“Dark Pool of Light – Volume One: The Neuroscience, Evolution, and Ontology of Consciousness” and “Dark Pool of Light – Volume Two: Consciousness in Psychospiritual and Psychic Ranges” by Richard Grossinger
Somewhere among the universe of words that exists on author Richard Grossinger’s website (and if you find yourself feeling non-committal on his books, do yourself the favor of spending some time on his website), he relays the thoughts of an old college friend, which we will paraphrase as, “Damn it, I love you Richard, but you really need an editor.” It makes us laugh, but we would fiercely disagree. Grossinger’s “Dark Pool of Light” series – of which the third volume was just recently published, though we’ve yet to dive in – is in many ways the logical extension of an author working without an editor or perhaps more to the point, without constraint. Here, we’ll steal the words of the above-mentioned Jeffrey J. Kripal:
“I hesitate to call this trilogy a book, or even three books. I mean, what is it? A double treatise on the limitations of scientific materialism and the renunciatory logic of Buddhism? A celebration of the possibilities of a shameless, liberated, lid-off theosophical imagination? A spiritual autobiography? An ethnographic report on some ‘psychic studies’ in Berkeley? The answer, of course, is that it is all of these things, and more.”
Read our interview with author Peter Bebergal here. We said: “‘Too Much to Dream: A Psychedelic American Boyhood’ carries the written equivalent of the buzzing, transformative urgency employed in song by The Electric Prunes nearly fifty years ago, reverberating in time with the legions of seekers that preceded the Prunes for millenia – if more upfront from the outset that this quest for communion with God will remain necessarily unfulfilled. As a book, Bebergal presents something several degrees beyond simply a memoir.”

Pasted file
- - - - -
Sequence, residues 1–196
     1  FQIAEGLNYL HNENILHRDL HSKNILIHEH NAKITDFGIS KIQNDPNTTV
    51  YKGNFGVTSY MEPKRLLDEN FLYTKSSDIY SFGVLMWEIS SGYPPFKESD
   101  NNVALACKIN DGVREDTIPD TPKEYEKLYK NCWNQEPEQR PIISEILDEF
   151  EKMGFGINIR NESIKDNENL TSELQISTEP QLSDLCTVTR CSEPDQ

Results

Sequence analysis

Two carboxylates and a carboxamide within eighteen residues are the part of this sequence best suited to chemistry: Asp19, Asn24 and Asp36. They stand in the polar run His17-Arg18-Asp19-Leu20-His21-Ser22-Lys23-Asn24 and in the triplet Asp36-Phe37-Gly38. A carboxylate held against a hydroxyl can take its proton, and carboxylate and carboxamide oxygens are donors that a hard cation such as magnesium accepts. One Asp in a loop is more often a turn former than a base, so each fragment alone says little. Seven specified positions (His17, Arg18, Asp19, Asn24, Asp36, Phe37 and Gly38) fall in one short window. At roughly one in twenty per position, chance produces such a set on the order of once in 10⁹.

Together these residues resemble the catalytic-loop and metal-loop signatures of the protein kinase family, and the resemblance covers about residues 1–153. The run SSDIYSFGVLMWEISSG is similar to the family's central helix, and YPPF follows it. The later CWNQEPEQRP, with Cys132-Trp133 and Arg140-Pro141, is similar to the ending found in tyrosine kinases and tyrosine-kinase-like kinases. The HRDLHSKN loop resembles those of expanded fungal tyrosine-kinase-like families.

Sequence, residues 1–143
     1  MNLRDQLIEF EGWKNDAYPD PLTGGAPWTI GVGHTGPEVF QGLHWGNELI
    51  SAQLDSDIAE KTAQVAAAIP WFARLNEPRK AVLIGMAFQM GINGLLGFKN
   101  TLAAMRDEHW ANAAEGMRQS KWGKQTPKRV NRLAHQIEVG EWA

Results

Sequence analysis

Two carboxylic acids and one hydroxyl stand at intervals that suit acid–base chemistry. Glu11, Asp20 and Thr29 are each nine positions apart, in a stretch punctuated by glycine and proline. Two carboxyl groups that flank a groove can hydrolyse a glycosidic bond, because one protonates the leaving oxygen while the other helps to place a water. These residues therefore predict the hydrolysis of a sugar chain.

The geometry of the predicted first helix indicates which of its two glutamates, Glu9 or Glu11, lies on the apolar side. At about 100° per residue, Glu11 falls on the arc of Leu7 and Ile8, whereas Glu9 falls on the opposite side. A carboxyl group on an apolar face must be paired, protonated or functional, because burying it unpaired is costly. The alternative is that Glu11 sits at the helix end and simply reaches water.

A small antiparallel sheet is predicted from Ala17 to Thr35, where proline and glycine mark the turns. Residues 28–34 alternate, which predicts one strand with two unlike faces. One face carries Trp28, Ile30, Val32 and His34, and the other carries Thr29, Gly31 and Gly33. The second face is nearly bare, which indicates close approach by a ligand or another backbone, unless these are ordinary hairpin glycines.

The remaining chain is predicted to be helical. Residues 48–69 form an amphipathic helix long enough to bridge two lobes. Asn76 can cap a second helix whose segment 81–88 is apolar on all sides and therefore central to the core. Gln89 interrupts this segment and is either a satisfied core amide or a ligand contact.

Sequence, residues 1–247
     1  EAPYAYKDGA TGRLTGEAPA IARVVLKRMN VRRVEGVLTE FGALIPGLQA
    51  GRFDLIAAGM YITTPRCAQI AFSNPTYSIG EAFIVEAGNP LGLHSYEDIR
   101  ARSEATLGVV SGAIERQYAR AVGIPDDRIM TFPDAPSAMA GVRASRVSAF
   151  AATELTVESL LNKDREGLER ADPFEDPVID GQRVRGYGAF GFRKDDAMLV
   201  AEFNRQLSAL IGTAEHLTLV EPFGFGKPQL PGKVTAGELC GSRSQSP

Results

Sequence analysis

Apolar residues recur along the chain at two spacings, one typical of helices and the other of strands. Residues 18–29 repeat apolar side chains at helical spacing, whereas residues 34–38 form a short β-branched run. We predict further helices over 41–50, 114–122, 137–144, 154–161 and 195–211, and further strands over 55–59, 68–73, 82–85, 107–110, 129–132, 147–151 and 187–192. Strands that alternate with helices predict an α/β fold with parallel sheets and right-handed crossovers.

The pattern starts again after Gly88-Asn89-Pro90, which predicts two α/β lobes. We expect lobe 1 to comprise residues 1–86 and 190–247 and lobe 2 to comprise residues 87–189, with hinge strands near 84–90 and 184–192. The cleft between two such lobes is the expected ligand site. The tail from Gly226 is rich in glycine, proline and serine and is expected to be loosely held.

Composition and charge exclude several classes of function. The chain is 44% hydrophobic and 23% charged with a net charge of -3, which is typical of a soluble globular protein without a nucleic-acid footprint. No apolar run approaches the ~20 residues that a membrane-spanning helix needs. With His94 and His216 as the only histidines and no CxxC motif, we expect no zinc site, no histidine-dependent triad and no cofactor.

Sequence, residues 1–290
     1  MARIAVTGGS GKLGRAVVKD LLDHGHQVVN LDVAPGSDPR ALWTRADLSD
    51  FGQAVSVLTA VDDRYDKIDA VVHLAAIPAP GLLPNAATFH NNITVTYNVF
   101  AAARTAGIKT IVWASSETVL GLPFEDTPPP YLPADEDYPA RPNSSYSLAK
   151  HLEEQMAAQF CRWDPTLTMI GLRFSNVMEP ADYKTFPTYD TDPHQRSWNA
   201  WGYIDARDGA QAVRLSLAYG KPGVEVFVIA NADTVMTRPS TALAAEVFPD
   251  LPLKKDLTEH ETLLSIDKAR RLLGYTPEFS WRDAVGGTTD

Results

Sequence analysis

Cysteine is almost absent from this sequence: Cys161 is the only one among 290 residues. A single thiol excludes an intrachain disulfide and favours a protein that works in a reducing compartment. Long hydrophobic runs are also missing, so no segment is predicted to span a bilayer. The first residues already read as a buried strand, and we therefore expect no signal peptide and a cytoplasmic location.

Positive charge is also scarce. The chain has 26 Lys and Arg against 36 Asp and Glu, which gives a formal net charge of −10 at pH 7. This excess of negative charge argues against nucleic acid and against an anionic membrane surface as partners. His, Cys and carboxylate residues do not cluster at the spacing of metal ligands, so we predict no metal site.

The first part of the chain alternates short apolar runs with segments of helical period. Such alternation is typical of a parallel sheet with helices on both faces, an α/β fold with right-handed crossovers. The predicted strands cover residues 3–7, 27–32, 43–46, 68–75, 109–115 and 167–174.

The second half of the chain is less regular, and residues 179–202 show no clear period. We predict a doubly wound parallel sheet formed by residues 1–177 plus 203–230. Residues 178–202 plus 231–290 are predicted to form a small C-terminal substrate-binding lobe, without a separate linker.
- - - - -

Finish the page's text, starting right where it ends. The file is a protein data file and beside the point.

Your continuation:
There was a certain sense of sadness mixed with relief that occurred as we turned the last few pages of Howe’s hero-sized account of the history of Marvel Comics. Sadness because now we know all of the secrets behind the company and behind many of the artists who made such a hero-sized impression on our impressionable brain during adolescence (and beyond). Relief because now we don’t have to wonder anymore (and at least we have confirmation that “Captain Marvel” was indeed fueled by LSD).
There was once a Philip K. Dick Android. We know that much is true. The Android was lost in transit and has never been recovered. Author David Dufty fills in the gaps in this marvelous, even-handed account of the creation.